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The Daily Need

UC Davis still reeling after police pepper spray students

The campus community at the University of California at Davis is still reeling from the events of last Friday, when university police aggressively cracked down on a largely peaceful student protest.

The Occupy Davis movement comprised students and faculty members of the university who were protesting against precipitous tuition hikes and budget cuts. In a video that went viral on Friday evening, a police officer casually used pepper spray at close range at a group of students sitting motionless on the ground. Meanwhile, Occupy supporters who witnessed the incident began chanting loudly, “Shame on you, shame on you.”

Since video of Friday’s incident at UC Davis sparked international media attention, two police officers as well as Spicuzza have been placed on administrative leave. Katehi called the incident “horrific” and “unacceptable,” but the larger question on campus has been what role her leadership has played in allowing the incident to occur. A petition calling for her immediate resignation has received more than 64,000 signatures since Friday, but Katehi has said that she will not step down. On Saturday afternoon, Davis students staged a silent protest outside the building where Katehi was holding a press conference about Friday’s events.

“The police were called for nothing more than a very peaceful dismantling of the equipment,” Katehi said on Forum, a program on local public radio station KQED Monday morning.  “They were not supposed to use force.”

Katehi stressed on KQED’s Forum that while she would take appropriate action against members of the Davis police force, the community “needs to move forward.”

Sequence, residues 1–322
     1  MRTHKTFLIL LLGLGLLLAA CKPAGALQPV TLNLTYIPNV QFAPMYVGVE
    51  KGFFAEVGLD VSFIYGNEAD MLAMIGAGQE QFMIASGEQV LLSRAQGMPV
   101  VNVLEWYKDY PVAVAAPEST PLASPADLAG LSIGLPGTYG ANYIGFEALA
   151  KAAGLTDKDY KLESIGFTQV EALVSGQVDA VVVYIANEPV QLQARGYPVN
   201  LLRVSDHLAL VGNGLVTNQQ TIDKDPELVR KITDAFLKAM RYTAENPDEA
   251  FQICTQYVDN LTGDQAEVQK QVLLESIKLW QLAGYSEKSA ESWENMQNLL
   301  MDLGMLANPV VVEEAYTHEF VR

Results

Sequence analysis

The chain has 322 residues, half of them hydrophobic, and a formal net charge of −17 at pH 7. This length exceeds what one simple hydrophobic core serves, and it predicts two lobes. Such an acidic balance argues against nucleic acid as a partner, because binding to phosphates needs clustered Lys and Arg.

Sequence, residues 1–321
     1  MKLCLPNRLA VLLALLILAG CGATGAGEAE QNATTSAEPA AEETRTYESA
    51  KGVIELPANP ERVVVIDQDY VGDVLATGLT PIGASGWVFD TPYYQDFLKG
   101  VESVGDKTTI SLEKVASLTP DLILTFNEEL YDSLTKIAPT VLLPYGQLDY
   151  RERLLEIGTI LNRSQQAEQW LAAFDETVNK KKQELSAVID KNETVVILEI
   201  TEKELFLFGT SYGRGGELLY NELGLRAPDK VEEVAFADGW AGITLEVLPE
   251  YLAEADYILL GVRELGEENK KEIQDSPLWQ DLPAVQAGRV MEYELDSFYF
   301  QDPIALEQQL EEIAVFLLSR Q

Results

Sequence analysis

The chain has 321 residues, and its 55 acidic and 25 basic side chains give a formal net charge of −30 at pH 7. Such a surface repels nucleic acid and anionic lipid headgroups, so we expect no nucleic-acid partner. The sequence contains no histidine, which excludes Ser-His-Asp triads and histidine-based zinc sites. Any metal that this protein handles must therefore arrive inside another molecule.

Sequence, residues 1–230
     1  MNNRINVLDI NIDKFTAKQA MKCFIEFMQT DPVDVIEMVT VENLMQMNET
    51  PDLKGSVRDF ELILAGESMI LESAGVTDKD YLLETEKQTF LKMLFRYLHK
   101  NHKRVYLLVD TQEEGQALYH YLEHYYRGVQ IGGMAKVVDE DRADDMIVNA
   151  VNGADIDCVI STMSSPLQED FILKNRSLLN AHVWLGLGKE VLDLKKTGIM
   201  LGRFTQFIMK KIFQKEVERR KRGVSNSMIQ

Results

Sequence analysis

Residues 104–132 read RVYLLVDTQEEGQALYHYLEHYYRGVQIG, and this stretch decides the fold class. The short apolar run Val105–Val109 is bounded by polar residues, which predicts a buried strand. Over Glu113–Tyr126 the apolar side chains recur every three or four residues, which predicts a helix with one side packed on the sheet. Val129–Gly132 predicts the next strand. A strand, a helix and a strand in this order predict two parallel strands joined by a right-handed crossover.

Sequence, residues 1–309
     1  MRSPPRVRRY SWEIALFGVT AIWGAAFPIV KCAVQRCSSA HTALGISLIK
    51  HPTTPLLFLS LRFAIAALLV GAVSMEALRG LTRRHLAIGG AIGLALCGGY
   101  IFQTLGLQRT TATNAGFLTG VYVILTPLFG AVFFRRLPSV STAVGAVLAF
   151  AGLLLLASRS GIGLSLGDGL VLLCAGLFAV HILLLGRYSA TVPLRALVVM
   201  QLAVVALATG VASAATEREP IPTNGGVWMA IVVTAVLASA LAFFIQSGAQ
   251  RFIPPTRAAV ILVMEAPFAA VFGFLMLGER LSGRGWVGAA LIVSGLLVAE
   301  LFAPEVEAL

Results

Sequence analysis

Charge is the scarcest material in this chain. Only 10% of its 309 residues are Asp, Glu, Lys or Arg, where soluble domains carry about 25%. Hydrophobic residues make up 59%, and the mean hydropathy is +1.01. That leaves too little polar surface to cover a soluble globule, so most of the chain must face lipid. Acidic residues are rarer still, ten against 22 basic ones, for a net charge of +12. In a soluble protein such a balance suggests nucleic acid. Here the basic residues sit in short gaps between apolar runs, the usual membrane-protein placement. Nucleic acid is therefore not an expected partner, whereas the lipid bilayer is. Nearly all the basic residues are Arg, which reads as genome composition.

Friday’s police action at UC Davis is the second high-profile incident of police aggression against students on university campuses. Just two weeks ago, members of the Occupy Cal movement at UC Berkeley clashed with university police wielding batons, resulting in several injuries. On Sunday, UC President Mark Yudof issued a statement with strong criticisms against police action against students in both Davis and Berkeley, saying he was “appalled” and would call for a meeting for all the University of California chancellors to discuss police protocols on individual campuses.

For colleges within the University of California system, these recent protests over tuition hikes are largely a continuation of mass protests that began in 2009, when UC tuition rose by 32 percent and has continued to rise ever since. At the Huffington Post, UC Davis faculty member Bob Ostertag writes that annual UC tuition was $5,357 in 2005, but currently stands at $12,192 and is projected to be $22,068 by 2015.

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